[00:39:20] If this sort of thing starts to become linked in with that, I would fully expect the United States to react quite strongly to, and when I say quite strongly, I mean, you know, ruthlessly to this, to knock this on the head to, to, to, to kill it in the cradle essentially, because the idea that. South American nations would be truly independent and sovereign in terms of who they had alliances with, who they traded with, I think would be anathema to us ideas of security within the, within the Western 

[00:39:51] Philip Pilkington: Hemisphere.

[00:39:52] Yeah, I mean, I can certainly see where you're coming from on the Monroe Doctrine. I mean, I've written 1 0 2 things about that recently. I, I've been very surprised at America not really taking the on Monroe Doctrine very seriously, or as seriously as they did in the. Perhaps I'm wrong about that. I'm not an expert, but you, you think you're 

[00:40:09] Andrew Collingwood: right.

[00:40:09] Actually, there's been a lot more kind of lackadaisical about it, right? Like certainly compared with the Cold War days, right? 

[00:40:16] Philip Pilkington: Yeah. Or even the nineties or whatever it, it feels that way. I mean, we'll just give some examples. The, the ones that have stood out to me, definitely the destabilization on the US Mexico border, that, that's baffling to me.

[00:40:27] It's very, it's a very strange thing to layer borders to become that destabilized destabilization of Mexico itself with the cartels and so on, is a bit unusual. I remember when they. You know, go after the drug, you know, the war on drugs. We all remember that with Reagan and all that. So that's a bit unusual.

[00:40:45] The other things that struck me as kind of strange are actually the fact that DC kind of backed Lula to begin with. Lula really is quite anti-American. If you read a speeches that surprised me, the kind of dayan with Venezuela recently has been very interesting to watch it. That makes more sense, I guess, cuz it's kind of all hands on deck.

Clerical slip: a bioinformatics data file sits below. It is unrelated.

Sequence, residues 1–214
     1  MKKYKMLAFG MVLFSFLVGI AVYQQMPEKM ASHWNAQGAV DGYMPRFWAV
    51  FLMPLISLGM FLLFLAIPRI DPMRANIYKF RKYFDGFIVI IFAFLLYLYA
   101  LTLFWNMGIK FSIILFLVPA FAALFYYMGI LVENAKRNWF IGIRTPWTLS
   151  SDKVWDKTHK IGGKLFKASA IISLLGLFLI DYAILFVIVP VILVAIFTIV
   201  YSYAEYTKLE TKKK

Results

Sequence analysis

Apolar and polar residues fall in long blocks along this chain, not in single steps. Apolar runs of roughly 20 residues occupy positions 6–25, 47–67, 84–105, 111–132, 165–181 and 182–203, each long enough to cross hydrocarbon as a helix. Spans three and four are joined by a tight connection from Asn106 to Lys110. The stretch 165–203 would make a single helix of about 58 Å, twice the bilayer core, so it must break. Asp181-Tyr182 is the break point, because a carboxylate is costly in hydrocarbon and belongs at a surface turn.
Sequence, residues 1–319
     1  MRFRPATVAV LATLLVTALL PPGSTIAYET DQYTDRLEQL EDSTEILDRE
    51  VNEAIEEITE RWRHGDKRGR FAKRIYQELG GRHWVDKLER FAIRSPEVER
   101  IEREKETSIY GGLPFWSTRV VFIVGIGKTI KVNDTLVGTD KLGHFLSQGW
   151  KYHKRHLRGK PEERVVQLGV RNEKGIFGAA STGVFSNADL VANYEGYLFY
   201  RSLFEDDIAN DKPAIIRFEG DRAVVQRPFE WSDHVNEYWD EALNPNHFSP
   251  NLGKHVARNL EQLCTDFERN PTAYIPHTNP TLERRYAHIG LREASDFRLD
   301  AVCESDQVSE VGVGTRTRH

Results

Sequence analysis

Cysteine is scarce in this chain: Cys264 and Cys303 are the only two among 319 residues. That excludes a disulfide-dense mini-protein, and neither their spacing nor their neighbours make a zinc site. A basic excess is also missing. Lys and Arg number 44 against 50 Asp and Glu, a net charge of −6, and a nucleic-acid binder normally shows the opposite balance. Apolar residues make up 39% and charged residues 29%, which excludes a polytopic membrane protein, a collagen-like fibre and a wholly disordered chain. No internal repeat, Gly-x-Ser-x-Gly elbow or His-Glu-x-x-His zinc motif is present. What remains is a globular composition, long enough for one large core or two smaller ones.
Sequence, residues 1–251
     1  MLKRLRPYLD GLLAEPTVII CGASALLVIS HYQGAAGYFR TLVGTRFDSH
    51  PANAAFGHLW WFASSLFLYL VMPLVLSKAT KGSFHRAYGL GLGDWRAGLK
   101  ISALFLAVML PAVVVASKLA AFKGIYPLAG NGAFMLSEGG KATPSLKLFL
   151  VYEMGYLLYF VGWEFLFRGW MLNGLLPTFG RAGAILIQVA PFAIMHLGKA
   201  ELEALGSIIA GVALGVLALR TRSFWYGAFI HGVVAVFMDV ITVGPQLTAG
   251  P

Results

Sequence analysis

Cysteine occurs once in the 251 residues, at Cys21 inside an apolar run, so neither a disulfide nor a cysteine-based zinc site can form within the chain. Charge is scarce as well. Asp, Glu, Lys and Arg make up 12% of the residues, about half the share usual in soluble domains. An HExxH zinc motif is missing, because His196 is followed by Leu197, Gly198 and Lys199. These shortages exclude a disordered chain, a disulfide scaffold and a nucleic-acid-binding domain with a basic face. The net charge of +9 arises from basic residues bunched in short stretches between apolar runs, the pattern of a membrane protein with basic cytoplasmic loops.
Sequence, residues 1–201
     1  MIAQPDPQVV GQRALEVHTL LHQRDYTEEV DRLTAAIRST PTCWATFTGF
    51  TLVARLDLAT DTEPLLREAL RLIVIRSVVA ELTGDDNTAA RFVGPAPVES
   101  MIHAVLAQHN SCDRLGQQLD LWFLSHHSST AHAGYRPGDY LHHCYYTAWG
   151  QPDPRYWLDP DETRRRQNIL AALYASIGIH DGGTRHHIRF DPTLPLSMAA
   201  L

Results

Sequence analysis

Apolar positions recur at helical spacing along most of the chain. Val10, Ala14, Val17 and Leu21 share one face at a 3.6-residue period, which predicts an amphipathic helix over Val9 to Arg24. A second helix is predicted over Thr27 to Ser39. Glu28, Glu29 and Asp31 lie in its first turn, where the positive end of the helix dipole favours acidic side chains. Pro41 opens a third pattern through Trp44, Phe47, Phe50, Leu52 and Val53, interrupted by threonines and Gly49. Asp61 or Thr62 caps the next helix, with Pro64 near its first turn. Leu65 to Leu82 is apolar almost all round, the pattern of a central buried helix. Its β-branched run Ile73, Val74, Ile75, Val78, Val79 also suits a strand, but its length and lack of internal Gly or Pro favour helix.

[00:41:03] It's such just the oil, it's 

[00:41:04] Andrew Collingwood: the, it's the type of oil Venezuela produce. Heavy oil, which the United States needs to refine diesel, I believe. And that's also what the Russians were producing with their Euros blend, right? 

[00:41:17] Philip Pilkington: Yeah. Yeah. So, so like that makes more, as I said, that makes more sense to me. But I mean, still they're causing up to a, a regime that really was on the kind of axis of evil up until very recently and probably the most anti-American regime in the region.

[00:41:32] Arguably Barr in Cuba, but Cuba's an all place these days after Castro. So I mean, yeah, the Monroe Doctrine stuff I've taught has seemed to have softened a bit now. Now maybe you're right, all this will re-highlight the importance to America of Latin America, and it probably should, I'm not gonna lie, but I do wonder about kind of.

[00:41:50] Getting aggressive with it, would that even be the right response? In a sense, it seems to me that, that that actually might risk kind of alienating the con continent further. The [00:42:00] as as we talked about at the start, the long-term influence on this plan comes from kind of a, a left wing anti-imperialist, by which we ultimately mean in the, in the region anti-American idea.

[00:42:11] It maybe isn't a great idea to continue to stoke those fires. It, it seems like it would make more sense to try and. I'd compete on this one. America's quite good at that, and especially somewhere as close to home as Latin America to try to try and say to the, to the Latin Americans, you know, okay, you guys want to develop, you guys want to have this currency union.

[00:42:33] Okay, well maybe we can work with within those parameters. And, and, and again, this goes back to the point that, that the assumption that any sort of shift in the status of the dollars of reserve currency or in these new currencies or these new currency arrangements rising up is ultimately some sort of a, just a, um, a battering ram for the Yuan to take over.